While in Var Provence during the past two weeks, we discovered Hyéres.
If you’re an English speaker, you’ll pronounce Hyéres passably if you think of the word “yeah.” And pronouncing it as such is perhaps appropriate, because touring this beautiful town left me with an indelible impression that could be characterized as, Oh Hyéres!
Hyéres is indeed a special place. Tourism in the south of France as we know it today has its roots in Hyères, which is the oldest resort on the French Riviera.
Lord Albemarle, the British ambassador, stayed in Hyères during the winter 1767-1768, but it was the two visits of the Prince of Wales during the winters of 1788 and 1789 that put Hyères on the map with the British.
In 1883, Robert Louis Stevenson came to Hyères and for about two years lived first at the Grand Hotel (the building still stands in the Avenue des Iles d’Or).
In later years he wrote: “I was only happy once; that was at Hyères.”
The British presence culminated in the winter of 1892 when Queen Victoria came for a stay of three weeks at the Albion Hotel. At that time, the British influence was so strong that shop signs were in both French and English. There was an English butcher, a chemist, two banks and two golf courses. There were also two English churches.
We strolled through the old town, clustered around the Castle of Saint Bernard, which is set on a hill.
Between the old town and the sea is the pine-covered hill of Costebelle, which overlooks the peninsula of Giens. We stayed nearby at La Bastide du Plantier, a wonderful bed and breakfast that I would highly recommend for anyone doing cruises from nearby Toulon (about 20 minutes away).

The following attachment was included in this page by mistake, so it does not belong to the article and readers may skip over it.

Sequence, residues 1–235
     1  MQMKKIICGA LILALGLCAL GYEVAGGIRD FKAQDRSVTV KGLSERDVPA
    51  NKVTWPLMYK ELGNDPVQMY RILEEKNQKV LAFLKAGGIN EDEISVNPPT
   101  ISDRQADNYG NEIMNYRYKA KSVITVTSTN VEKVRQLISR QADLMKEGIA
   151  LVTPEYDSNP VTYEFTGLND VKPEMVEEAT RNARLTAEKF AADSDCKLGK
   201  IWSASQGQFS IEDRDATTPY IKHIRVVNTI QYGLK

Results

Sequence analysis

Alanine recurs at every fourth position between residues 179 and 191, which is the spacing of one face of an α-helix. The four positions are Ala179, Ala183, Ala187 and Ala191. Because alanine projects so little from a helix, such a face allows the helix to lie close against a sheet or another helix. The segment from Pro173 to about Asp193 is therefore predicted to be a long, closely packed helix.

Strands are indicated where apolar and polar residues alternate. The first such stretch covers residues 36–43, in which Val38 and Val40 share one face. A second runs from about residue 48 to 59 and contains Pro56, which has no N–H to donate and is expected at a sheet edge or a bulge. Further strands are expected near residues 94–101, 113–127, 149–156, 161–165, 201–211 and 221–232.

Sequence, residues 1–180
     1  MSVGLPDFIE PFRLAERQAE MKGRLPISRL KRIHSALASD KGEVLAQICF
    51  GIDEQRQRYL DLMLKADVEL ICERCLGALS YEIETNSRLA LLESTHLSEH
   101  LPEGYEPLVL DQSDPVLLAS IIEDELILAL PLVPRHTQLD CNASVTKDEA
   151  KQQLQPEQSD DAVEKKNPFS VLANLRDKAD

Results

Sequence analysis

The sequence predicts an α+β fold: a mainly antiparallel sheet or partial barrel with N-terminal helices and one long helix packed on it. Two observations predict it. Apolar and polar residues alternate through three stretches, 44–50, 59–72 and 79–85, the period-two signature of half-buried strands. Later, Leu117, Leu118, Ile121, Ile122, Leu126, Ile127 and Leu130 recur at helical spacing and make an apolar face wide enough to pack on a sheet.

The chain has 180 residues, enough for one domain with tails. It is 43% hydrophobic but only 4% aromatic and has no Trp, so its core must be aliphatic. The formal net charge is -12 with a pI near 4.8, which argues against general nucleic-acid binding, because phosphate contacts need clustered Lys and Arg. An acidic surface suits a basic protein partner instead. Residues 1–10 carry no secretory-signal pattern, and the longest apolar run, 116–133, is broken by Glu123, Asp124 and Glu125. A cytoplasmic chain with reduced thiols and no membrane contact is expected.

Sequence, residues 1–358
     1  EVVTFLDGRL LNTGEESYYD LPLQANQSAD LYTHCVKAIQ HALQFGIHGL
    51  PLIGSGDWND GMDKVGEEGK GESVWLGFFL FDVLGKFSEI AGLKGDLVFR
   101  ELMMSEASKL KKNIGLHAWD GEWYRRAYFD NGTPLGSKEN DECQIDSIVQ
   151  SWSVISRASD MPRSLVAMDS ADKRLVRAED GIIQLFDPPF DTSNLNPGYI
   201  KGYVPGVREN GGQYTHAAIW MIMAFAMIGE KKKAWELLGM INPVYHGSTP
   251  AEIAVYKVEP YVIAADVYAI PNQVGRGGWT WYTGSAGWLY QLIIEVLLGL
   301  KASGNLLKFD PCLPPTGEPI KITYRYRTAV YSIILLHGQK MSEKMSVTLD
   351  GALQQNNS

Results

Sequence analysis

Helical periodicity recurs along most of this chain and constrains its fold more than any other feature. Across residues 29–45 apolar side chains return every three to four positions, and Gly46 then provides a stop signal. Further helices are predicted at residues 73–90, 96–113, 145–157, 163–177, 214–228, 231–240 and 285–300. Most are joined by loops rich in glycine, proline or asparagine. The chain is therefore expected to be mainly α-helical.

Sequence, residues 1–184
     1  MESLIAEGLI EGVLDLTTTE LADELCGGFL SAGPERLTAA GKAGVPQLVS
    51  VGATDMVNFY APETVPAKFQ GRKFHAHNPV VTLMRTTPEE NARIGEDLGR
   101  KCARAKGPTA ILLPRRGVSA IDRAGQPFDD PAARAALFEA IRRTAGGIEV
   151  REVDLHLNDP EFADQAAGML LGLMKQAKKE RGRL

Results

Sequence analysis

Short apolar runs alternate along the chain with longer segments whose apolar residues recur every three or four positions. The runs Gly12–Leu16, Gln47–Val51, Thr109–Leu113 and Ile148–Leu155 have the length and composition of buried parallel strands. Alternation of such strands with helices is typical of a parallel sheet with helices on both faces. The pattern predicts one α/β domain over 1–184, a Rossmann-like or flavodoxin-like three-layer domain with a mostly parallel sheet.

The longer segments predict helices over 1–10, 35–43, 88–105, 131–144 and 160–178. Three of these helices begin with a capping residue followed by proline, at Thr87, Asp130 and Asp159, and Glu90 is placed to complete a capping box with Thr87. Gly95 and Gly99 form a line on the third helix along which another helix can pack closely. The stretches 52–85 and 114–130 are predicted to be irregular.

La Bastide du Plantier features only two bedrooms, one in the main house and one in a guest house that has a nice terrace (covered and open) and even a small Provencal kitchen. For me, the experience was in fact quintessential Provence.
We stayed for three nights and typically dined under the covered terrace for breakfast and delicious dinners, which owner Brigitte Martin prepared for us with ingredients from her garden.
Brigitte was an extremely warm hostess, and on our last night, she and her husband, who had been away for business, invited us to join them for a bottle of the delicious rosé wines that are so popular in Provence. Staying at La Bastide du Plantier was certainly one of the highlights of my two weeks in Var Provence.
Check out more photos from La Bastide du Plantier in our Flickr slideshow.
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